The former Fox regional sports networks, now owned by Sinclair, will soon be under new leadership. As John Ourand writes at Sports Business Journal, Jeff Krolik has been in charge of those networks for the past 15 years, but is now retiring effective August 30. That’s near the one-year anniversary of Sinclair’s purchase of the networks. Sinclair has already retained Los Angeles-based firm Nolan Partners to look for Krolik’s replacement. Here are some quotes from Krolik from Ourand’s piece:
Krolik said his retirement was based more on the one-year anniversary of the closing of Sinclair’s $10.6B deal last August. “We’ve been through two acquisitions and one full integration in the past three years,” Krolik said, referring to Disney’s purchase of them from Fox in ’18 followed by Sinclair’s purchase of them last year. “There’s no particular magic to it. At some point you just have to make a decision about when it’s the right time. I’ll be 64 this year, and the one-year anniversary just seemed like the right time.”
Despite the challenges facing the RSN business — from cord cutting to the lack of live sports during the pandemic — Krolik told THE DAILY that he is leaving the business in good shape. “Live local sports is a great business,” he said. “It’s a terrific segment of the media business to be in. … When baseball returns, that’s going to be a national story. No disrespect, but the return of ‘Property Brothers’ isn’t.”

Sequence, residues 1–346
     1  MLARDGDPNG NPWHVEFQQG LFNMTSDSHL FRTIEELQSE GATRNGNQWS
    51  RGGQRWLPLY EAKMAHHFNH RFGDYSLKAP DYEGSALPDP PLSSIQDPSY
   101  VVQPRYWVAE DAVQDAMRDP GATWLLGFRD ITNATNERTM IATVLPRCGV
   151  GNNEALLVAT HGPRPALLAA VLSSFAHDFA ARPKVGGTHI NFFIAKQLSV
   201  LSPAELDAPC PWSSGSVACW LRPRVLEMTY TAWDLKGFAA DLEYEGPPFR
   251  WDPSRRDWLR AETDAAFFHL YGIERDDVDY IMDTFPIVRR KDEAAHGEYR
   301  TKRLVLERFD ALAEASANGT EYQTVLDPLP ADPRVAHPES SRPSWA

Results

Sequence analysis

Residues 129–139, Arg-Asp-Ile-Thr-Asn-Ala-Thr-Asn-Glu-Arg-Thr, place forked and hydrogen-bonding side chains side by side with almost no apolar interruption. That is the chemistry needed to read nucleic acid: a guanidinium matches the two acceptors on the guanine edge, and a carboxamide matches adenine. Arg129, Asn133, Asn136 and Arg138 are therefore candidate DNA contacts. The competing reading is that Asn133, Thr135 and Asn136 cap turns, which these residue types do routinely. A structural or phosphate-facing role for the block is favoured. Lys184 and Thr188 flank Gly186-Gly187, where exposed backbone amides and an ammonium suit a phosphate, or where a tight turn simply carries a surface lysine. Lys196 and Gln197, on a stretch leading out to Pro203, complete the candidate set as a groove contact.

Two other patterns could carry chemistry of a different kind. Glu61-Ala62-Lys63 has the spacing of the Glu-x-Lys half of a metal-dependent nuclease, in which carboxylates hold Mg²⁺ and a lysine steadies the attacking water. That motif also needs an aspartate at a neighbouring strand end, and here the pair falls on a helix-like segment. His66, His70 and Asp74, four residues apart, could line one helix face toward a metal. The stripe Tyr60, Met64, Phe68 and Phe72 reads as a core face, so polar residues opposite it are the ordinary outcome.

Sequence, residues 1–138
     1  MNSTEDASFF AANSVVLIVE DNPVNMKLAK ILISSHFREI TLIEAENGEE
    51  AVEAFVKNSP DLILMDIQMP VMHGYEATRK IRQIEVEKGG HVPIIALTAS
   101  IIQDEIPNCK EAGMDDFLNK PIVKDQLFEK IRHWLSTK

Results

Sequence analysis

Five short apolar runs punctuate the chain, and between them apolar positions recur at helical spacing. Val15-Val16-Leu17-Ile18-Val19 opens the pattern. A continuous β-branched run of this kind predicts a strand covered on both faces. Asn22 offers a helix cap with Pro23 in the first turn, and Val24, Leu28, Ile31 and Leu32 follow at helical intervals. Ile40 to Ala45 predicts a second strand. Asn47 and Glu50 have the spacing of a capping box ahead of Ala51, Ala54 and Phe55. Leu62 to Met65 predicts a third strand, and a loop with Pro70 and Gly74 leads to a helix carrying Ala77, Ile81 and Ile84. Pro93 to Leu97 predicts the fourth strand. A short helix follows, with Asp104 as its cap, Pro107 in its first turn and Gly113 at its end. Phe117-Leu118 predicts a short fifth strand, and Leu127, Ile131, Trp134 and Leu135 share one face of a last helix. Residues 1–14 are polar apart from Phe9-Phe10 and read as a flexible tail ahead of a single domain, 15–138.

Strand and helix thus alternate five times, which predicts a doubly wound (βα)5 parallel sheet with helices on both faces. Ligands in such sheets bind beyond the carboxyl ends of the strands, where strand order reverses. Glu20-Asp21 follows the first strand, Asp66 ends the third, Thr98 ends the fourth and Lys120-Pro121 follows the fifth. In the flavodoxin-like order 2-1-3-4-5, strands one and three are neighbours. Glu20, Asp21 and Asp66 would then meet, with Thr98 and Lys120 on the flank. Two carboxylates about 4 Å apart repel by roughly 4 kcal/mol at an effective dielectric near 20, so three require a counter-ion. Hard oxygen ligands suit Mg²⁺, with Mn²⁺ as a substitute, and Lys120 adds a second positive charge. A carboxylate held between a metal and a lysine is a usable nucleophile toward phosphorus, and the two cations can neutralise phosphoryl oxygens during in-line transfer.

Krolik started his career at HBO in 1979 and held various positions there, including vice president of HBO International, before moving to the Fox regional networks in 1997. He started with Fox as the senior vice president and general manager of Fox Sports Bay Area and served in that role through 2007 (when that network shifted ownership and became Comcast Sports Bay Area; it’s now NBC Sports Bay Area). At that point, he was tabbed as executive vice president of the Fox RSN group, and he was then promoted to president of that group in 2013. So his departure is a big change at the top for those networks.
Krolik’s comments about the future of the RSN business are certainly interesting, especially given his optimism. Some of that may have some merit, and in particular, the return of baseball would definitely be good news for these RSNs; baseball is the key sport for a lot of them. But there are big questions about if that return will happen at all in 2020. And there are also questions about the planned returns of the NHL and the NBA, and how that will work out for RSNs, to say nothing of the complicated discussions about possible refunds if networks don’t deliver their promised numbers of live events.
And that’s before you get to the larger issues that were facing RSNs (both the Sinclair networks and others) even before this pandemic, from declining carriage and extended carriage battles to overall cord-cutting. So it’s certainly not an easy time for someone new to step into that job. We’ll see who Sinclair tabs to replace Krolik, and where they wind up taking these RSNs.